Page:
How to Escape Special Characters of a Python String with a Single Backslash?

The backslash escape character '\' is a special Python string character that is usually followed by an alphabetic character. For example, the tabular whitespace '\t' and newline '\n'. In regular expressions, you can use the single escape to remove the special meaning of regex symbols. For example, to match the dot or asterisk characters '.' and '*', you must first get rid of the special meanings of the regex dot . or regex asterisk * operators by escaping them with \. or \*.

Problem Formulation

Say, you want to escape the characters -]\^$*. with a single backslash \.

For example, the string 'hello-[world]-$100' should be transformed to:


How to accomplish this in Python?

Method: re.escape()

The most straightforward way to escape a special regex character is with the re.escape() function escapes all special regex characters with a double backslash, such as the asterisk, dot, square bracket operators.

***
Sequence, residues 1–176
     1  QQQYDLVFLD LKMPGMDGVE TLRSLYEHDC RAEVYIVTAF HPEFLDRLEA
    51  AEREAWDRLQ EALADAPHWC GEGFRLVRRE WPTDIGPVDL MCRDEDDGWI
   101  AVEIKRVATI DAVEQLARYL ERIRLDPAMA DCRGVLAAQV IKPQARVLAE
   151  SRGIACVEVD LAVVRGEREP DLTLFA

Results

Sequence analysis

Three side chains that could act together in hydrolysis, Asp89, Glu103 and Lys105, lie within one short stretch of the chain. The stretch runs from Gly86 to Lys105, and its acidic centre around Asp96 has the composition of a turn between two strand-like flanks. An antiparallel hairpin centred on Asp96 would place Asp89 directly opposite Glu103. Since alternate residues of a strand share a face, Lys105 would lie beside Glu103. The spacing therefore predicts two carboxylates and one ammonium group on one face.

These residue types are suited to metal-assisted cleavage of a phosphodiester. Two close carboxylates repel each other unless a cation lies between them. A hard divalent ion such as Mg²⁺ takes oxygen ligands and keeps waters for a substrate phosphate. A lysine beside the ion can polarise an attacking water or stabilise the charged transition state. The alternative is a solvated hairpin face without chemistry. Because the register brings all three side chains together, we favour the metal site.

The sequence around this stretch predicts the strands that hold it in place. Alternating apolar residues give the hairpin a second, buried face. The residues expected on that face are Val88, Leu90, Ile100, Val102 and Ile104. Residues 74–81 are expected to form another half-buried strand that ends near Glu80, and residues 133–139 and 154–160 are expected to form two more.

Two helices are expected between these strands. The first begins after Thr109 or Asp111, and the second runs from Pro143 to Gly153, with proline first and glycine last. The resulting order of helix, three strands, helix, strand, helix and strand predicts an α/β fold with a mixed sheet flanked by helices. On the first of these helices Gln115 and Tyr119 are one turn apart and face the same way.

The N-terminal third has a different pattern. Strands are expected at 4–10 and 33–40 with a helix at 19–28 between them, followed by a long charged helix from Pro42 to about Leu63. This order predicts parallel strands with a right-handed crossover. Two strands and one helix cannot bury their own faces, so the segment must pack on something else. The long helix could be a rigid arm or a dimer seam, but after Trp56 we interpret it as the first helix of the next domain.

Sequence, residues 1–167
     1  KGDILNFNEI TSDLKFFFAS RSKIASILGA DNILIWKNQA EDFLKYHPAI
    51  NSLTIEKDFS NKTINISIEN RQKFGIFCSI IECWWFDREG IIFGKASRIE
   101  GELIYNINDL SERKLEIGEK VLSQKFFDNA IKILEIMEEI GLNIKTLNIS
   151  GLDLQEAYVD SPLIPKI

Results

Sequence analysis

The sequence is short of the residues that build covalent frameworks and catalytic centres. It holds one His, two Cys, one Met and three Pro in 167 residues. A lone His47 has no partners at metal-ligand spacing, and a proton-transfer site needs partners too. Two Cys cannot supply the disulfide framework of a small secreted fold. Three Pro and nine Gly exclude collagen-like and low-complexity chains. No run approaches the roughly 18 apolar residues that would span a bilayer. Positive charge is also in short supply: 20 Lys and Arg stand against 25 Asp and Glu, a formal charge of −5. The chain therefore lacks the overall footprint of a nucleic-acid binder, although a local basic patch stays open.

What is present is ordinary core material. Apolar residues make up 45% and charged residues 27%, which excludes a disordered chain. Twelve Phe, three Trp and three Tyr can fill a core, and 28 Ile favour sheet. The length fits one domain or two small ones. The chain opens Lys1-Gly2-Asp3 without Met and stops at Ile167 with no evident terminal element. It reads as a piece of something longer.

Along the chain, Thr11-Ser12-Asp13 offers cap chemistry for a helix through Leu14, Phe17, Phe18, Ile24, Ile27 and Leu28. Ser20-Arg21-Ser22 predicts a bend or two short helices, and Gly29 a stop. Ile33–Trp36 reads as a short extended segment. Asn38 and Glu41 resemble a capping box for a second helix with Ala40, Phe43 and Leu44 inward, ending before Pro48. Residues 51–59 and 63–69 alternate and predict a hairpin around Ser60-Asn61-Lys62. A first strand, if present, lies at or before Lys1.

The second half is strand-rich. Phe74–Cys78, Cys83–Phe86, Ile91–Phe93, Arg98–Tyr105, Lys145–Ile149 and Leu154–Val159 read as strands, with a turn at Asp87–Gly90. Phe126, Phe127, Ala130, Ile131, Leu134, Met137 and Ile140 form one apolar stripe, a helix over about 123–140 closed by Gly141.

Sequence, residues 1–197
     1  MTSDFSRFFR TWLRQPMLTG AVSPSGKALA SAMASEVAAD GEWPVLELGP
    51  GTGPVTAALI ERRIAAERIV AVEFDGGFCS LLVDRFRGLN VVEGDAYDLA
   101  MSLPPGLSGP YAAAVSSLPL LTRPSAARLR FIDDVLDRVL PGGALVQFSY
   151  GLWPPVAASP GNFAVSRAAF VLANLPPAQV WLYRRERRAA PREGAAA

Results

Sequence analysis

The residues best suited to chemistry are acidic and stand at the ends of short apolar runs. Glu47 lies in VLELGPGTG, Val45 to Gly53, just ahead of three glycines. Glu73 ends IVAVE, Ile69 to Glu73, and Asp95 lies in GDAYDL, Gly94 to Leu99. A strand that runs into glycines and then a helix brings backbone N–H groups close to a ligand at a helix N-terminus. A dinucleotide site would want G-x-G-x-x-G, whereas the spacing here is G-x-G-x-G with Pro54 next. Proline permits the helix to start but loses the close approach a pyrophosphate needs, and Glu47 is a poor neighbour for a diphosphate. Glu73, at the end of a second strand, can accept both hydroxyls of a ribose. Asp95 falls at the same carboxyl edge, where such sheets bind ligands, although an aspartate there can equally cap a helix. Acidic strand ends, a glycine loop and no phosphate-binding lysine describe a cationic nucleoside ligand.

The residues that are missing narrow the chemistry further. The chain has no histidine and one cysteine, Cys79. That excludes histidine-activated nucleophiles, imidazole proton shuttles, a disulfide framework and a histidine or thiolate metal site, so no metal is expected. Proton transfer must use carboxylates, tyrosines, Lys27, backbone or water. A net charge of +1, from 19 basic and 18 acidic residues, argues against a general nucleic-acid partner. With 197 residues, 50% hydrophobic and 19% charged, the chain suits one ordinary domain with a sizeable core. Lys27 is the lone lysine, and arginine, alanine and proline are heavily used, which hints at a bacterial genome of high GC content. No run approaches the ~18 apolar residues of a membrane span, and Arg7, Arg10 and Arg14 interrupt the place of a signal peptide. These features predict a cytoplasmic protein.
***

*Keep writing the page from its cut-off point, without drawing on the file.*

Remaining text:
>>> import re
>>> re.escape('hello-[world]-$100')

If you really need to escape with a single backslash instead of the double backslash, you can do the following method.

Background Regex Escape

Method: String Translate Table

The str.translate(table) method returns a translated string that is a copy of the original string whereas only the character translations defined in the table argument have been applied to the string. The table is supposed to be an object that implements the __getitem__() dunder method—in our case obtained with the str.maketrans() function. In most cases, a dictionary is the perfect data structure for this because it allows you to map one character to another—intuitively, what you want to do when translating a string into another one.

s = 'hello-[world]-$100'
table = str.maketrans({"-":  r"\-", "]":  r"\]", "\\": r"\\",
                       "^":  r"\^", "$":  r"\$", "*":  r"\*", ".":  r"\."})

# Replace string
s_new = s.translate(table)
# hello\-[world\]\-\$100